Ad description

A radio ad for EU Lotto Ltd t/a Lottoland, heard on 27 September, featured a voice-over that stated, "Chimp can't believe it. At Lottoland the EuroMillions still costs just £2. Not £2.50. This Friday's jackpot 100 million. So with Lottoland you can win the big jackpot for less. Download the app or go to and get your first bet free." Another voice-over then referred to the legal disclaimer and quickly stated, "UK residents only. Jackpot estimated 24 September. One free bet is on EuroMillions or equivalent price lottery. Terms apply see site for details over 18s only"


The complainant, who understood that the product was a gambling game, challenged whether the ad misleadingly implied it was a lottery.


EU Lotto Ltd t/a Lottoland stated that their advertising across all their platforms made a clear distinction between their gambling product and an actual lottery ticket by referring to the word "bet" or "betting". Regarding the radio ad, reference to "bet" had been made on two separate occasions in a script which they believed was short and along with all of their other branding and marketing they believed consumers would understand that Lottoland was not a lottery company but a gambling operator. Furthermore, they stated that the ad's reference to the cost of a EuroMillions lottery ticket and the jackpot were factual statements and informed consumers that they could win the same amount of money by placing a bet on the outcome and that it was cheaper than buying a lottery ticket.

Lottoland's advertising agency (VTR North) stated that they took extra care to make clear in the ad that Lottoland offered a gambling service. They believed that this was achieved by referring to the term "bet", which they stated was mentioned in the main body of the ad as well as in the legal disclaimer.

The Radiocentre believed that the ad clearly differentiated Lottoland's gambling service from the Euromillions lottery by making a price comparison between the cost of a bet and the cost of a Euromillions ticket, and this would be understood by consumers. Furthermore, they stated that the end of the ad referred to the Gambling Awareness website which they believed also made clear that a gambling service was being marketed.



The ASA considered that the claims "At Lottoland the EuroMillions still costs just £2. Not £2.50", "This Friday's jackpot 100 million" and "So with Lottoland you can win the big jackpot for less", which were stated sequentially at the start of the ad by the main voice-over in a high-pitched tone giving them much prominence, would give consumers the strong impression that the ad was promoting a lottery. We also considered that the reference to "Jackpot estimated 24 September" made by the voice-over for the disclaimer also contributed to that impression.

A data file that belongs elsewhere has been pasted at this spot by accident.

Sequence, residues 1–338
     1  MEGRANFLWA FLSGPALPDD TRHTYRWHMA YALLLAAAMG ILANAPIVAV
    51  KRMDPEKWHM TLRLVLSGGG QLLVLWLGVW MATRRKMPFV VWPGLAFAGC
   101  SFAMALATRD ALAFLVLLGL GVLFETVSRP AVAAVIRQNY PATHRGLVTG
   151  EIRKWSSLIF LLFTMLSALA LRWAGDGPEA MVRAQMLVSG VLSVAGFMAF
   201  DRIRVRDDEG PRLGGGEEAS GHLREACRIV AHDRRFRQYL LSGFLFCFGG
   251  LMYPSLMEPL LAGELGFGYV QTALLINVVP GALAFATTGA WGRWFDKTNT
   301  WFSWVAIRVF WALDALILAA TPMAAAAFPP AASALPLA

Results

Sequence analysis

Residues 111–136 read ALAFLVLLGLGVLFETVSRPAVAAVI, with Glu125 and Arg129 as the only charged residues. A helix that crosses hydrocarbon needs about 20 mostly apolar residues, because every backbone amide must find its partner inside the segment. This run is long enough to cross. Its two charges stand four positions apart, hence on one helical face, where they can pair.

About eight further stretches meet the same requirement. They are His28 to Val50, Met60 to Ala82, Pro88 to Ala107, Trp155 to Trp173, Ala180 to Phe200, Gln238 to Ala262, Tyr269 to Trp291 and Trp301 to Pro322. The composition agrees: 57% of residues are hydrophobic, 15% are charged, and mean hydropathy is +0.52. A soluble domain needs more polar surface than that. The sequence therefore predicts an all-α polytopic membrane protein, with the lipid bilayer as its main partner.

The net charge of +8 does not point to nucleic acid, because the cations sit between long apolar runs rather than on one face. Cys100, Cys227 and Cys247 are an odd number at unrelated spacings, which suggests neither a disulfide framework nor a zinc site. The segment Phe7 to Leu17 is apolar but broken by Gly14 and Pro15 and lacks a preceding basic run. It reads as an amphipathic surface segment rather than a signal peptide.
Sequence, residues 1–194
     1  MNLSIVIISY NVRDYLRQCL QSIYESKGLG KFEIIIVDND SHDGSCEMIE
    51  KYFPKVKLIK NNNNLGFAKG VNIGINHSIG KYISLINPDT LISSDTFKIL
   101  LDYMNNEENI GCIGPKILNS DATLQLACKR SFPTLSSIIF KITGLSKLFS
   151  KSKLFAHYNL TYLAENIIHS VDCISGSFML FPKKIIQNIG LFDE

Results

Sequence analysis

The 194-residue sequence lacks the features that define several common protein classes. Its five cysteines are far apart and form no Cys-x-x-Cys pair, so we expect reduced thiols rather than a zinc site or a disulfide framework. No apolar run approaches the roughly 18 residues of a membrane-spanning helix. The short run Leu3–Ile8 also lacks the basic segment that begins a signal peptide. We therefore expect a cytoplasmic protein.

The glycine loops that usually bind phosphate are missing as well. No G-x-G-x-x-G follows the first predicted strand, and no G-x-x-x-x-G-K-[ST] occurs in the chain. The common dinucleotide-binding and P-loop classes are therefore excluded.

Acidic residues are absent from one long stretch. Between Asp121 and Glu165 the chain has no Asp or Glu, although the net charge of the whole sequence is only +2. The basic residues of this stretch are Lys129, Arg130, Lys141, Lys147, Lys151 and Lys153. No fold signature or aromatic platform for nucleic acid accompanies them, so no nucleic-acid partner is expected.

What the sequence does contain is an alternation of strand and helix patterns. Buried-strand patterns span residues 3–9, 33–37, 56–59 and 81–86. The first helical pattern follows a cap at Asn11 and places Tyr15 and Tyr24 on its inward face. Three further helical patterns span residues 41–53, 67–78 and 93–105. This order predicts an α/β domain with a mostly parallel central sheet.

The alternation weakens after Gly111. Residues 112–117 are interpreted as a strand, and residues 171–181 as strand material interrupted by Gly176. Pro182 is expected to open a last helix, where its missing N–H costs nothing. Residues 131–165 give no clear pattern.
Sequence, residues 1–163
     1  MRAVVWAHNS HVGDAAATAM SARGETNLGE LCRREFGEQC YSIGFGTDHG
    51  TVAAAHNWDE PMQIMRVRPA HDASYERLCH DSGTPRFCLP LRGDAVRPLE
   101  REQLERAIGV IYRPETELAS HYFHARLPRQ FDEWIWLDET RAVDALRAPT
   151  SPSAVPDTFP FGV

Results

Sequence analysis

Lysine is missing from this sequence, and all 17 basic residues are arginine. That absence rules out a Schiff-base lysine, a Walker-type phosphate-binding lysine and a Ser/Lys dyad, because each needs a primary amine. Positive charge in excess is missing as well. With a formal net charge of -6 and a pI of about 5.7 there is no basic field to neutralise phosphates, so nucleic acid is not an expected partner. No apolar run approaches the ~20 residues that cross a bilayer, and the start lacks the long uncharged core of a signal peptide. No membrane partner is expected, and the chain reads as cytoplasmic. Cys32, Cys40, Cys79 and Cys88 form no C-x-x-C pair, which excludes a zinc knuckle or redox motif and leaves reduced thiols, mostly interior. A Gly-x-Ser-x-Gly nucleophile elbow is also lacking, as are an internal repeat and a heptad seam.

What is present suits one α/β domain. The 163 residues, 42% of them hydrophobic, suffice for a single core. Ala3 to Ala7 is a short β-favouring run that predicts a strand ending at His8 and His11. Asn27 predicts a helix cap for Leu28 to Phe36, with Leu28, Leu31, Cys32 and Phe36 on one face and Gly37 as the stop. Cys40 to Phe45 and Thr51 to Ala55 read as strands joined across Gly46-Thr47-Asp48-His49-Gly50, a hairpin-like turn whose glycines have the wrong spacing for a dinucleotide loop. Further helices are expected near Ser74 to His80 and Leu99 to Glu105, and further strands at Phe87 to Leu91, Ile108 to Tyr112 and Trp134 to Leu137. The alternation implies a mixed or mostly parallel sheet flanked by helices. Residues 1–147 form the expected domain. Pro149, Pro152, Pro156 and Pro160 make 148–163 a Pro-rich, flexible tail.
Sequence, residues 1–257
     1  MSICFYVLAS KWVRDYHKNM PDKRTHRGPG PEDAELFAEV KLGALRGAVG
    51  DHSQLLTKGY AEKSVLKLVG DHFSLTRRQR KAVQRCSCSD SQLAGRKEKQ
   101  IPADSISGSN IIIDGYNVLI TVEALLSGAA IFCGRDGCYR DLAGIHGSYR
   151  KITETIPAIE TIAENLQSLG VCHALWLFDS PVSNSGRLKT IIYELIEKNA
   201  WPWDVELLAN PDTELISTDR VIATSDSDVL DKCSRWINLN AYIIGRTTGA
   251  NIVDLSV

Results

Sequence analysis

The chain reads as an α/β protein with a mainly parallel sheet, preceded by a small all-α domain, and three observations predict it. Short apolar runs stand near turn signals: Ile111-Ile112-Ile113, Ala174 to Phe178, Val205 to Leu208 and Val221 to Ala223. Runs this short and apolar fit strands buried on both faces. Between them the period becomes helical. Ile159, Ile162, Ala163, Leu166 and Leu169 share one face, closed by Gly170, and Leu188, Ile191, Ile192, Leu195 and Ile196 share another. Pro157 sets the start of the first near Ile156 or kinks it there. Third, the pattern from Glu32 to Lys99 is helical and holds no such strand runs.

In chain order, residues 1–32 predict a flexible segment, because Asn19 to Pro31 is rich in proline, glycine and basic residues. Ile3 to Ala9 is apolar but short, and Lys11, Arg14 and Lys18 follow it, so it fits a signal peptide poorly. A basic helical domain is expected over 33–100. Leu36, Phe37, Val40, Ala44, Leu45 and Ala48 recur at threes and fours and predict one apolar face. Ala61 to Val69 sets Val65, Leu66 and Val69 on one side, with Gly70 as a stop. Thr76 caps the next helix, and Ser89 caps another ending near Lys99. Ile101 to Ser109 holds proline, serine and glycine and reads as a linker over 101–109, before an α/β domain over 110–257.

We considered that the term "bet" could help consumers understand that Lottoland were promoting a gambling product rather than an actual lottery, provided the ad made sufficiently clear that the term was made in the context of betting on the outcome of a lottery.

We noted that further into the ad the main voice-over referred to Lottoland's website where consumers could "get [their] first bet free" and that the voice-over for the disclaimer stated "One free bet is on EuroMillions or equivalent price lottery" and referred to the Gambling Awareness website. However, we considered that the ad's references to "bet" did not make clear that consumers would be gambling on the outcome of a lottery rather than actually participating in it and, consequently, did not dispel the impression given by the voice-over's references at the start of the ad that a lottery was being promoted.

Therefore, because we considered the ad implied participants would be playing in a lottery, rather than in a gambling game, we concluded it was misleading.

The ad breached BCAP Code rules  3.1 3.1 Advertisements must not materially mislead or be likely to do so.    3.2 3.2 Advertisements must not mislead consumers by omitting material information. They must not mislead by hiding material information or presenting it in an unclear, unintelligible, ambiguous or untimely manner.
Material information is information that consumers need in context to make informed decisions about whether or how to buy a product or service. Whether the omission or presentation of material information is likely to mislead consumers depends on the context, the medium and, if the medium of the advertisement is constrained by time or space, the measures that the advertiser takes to make that information available to consumers by other means.
   3.3 3.3 Ofcom must ensure that the standards from time to time in force under this section include:

a) minimum standards applicable to all programmes included in television and radio services; and

b) such other standards applicable to particular descriptions of programmes, or of television and radio services, as appeared to them appropriate for securing the standards objectives."
Section 319(5).
 and  3.3.1 3.3.1 the main characteristics of the product or service  (Misleading Advertising).


The ad must not appear again in its current form. We told Lottoland to ensure future advertising did not misleadingly imply participants would be entering a lottery.


3.1     3.2     3.3     3.3.1    

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